There is so much to see and do and explore in Africa that it can be hard to know where to begin your journey—but a good place to start if you are planning a trip is with one of the continent’s incredible national parks. In fact, Africa’s breathtaking parks take up quite a bit of space. So what are the biggest parks in Africa? Let’s take a look.
6. Kruger National Park, South Africa: 19,485 square kilometres
While the smallest park on this list, Kruger National Park is still among the largest parks in Africa (and the entire world), located in the provinces of Limpopo and Mpumalanga. It was the first national park ever established in South Africa.
The park is bordered on the north and south by two rivers, the Limpopo River and the Crocodile River. The eastern border is the Lebombo Mountain range. Unlike a lot of the other parks in this list, this one does not feature an arid or semi-arid climate; it is actually subtropical. Still, the best time to visit is during the winter when it is dryer; the animals are easier to see since the flora is less dense.
What kinds of animals can you see here? This is the place to come and look for Big Five game animals. In fact, Kruger National Park is inhabited by 147 species of large mammals—that is more than you will find at any other game reserve on the continent. If you visit, look for African buffalo, Black rhinoceroses, giraffes, leopards, hyenas, lions, kudus, African wild dogs, elephants, and more.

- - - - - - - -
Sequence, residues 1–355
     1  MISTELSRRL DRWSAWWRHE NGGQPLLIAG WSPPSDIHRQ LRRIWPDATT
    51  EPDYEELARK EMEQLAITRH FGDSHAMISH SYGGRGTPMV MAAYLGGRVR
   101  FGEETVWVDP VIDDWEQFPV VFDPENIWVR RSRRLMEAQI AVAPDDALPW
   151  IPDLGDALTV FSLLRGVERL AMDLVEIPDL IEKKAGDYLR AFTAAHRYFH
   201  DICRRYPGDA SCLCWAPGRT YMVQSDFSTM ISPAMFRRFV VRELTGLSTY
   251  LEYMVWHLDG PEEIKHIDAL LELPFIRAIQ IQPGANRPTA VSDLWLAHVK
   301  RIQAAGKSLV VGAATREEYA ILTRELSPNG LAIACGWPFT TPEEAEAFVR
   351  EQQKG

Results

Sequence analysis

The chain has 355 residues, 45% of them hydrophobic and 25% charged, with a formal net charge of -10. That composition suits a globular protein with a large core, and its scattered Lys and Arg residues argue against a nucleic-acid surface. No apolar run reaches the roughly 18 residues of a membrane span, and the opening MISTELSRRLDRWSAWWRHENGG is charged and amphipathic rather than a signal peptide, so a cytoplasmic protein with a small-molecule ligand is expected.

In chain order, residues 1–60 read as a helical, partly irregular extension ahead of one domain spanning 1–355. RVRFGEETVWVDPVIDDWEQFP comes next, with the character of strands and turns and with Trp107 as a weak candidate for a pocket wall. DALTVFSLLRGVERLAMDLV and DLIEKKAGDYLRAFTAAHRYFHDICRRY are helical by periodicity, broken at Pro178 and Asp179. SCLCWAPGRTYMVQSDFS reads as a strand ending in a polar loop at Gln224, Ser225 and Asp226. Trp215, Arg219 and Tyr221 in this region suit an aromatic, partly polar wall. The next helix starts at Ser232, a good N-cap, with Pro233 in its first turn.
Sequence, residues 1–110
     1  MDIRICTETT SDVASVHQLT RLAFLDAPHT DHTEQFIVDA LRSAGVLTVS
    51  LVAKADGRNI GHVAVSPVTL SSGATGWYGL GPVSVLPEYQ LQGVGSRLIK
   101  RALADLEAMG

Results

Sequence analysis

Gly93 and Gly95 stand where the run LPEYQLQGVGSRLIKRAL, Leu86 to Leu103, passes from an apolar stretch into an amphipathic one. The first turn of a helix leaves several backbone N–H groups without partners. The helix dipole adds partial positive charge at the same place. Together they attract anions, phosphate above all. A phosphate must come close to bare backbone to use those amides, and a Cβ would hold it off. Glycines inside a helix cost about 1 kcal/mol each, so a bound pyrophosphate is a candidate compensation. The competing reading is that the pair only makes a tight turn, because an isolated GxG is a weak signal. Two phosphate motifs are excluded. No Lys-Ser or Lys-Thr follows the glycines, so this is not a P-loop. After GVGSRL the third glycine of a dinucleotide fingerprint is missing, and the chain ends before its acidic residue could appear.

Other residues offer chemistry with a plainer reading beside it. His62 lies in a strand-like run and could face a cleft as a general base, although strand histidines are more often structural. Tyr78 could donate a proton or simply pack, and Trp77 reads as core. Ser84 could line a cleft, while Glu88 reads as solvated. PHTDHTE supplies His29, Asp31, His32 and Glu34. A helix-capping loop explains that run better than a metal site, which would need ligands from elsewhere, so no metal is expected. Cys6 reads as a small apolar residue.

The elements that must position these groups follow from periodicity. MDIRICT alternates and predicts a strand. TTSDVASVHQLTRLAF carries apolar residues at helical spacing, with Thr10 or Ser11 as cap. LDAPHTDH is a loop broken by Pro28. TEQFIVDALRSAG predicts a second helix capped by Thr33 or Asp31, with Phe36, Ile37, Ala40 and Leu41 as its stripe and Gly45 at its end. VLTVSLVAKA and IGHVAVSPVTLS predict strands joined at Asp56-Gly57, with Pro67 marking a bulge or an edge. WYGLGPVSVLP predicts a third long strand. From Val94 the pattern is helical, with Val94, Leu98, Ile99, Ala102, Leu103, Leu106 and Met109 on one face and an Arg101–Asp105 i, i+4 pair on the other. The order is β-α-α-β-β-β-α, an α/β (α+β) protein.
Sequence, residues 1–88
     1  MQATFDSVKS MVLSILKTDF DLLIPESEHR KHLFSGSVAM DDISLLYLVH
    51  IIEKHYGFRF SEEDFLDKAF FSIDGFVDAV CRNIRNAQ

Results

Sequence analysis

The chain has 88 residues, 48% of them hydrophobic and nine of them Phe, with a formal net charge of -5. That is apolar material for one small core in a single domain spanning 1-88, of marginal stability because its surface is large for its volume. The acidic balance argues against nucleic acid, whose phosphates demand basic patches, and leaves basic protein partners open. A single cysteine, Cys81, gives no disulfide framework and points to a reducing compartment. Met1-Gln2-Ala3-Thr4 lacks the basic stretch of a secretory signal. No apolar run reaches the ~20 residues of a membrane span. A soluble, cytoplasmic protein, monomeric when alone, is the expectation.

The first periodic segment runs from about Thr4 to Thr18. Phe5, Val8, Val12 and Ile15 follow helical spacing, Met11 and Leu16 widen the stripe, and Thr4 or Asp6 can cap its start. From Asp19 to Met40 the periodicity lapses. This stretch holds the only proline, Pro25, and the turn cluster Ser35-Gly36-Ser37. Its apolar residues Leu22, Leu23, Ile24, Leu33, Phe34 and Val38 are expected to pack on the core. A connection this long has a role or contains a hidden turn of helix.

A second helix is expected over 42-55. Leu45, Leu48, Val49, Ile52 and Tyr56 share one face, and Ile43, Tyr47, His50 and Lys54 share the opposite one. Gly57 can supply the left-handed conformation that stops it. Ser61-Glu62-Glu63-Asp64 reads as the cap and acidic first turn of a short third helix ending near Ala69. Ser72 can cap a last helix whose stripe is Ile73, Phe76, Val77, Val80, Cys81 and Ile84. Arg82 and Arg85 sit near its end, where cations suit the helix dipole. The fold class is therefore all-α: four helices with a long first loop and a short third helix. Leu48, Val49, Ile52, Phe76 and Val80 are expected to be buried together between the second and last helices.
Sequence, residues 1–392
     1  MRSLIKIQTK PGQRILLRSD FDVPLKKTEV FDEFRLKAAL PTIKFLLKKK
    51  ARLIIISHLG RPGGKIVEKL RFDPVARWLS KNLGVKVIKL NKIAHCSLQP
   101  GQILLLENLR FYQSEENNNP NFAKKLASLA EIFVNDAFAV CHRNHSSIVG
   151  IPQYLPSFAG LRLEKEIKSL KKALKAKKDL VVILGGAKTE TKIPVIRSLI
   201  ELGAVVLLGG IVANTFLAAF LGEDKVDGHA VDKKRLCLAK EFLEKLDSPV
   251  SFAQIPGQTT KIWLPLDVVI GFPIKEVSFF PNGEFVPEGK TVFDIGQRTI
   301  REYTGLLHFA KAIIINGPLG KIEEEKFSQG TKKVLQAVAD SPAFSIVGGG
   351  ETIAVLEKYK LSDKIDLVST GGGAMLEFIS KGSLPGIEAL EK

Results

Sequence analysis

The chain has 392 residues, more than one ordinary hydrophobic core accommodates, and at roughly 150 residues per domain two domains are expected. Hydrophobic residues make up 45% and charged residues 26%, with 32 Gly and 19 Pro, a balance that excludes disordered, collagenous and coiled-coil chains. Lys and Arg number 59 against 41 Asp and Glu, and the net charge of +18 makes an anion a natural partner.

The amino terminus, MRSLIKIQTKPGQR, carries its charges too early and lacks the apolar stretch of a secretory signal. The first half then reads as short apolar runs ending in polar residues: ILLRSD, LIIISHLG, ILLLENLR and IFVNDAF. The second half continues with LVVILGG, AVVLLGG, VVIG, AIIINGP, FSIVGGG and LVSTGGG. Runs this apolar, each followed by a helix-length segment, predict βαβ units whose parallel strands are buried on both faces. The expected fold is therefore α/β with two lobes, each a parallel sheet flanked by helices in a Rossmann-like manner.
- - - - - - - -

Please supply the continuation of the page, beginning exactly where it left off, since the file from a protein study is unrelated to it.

5. Etosha National Park, Namibia: 22,270 square kilometres
This national park can be found in the northwest of Namibia. Only marginally smaller than Kafue, it was initially established as a game reserve, and then later became a national park. Its main feature is the Etosha salt pan, a dry lakebed spanning 120 kilometres. While nothing much grows in the pan itself, there is a nearby grassland which is populated by wildebeests and other grazing animals, as well as a dense mopane woodland which is home to elephants.
While the salt pan is usually arid, sometimes heavy rains will fill it to a depth of around 10 centimetres. When this happens, thousands of flamingos and pelicans may flock to Etosha to breed. If you have a chance to witness this, it is truly an astonishing sight—the entire salt pan becomes a sea of pink.
4. Kafue National Park, Zambia: 22,400 square kilometres
Zambia’s biggest national park is Kafue. Its 22,400 square kilometre area is close in size to that of Wales. Kafue’s most prominent geographical feature is the Kafue river for which it is named. While the Great West Road provides access for most vehicles, there are a few dirt roads which 4WD vehicles can use seasonally.
Kafue National Park’s landscape is dominated by granite hills and fertile flood plains. While there are a number of ecological habitats scattered throughout the park, the Zambezian flooded grasslands ecoregion is by far the most famous. Venturing into the park, you will have an opportunity to see many different types of antelopes, along with zebras, wildebeests, elephants, hippos, leopards, and hyenas. Cheetahs are an elusive sight anywhere, but you may spot some in the northern area of the park.
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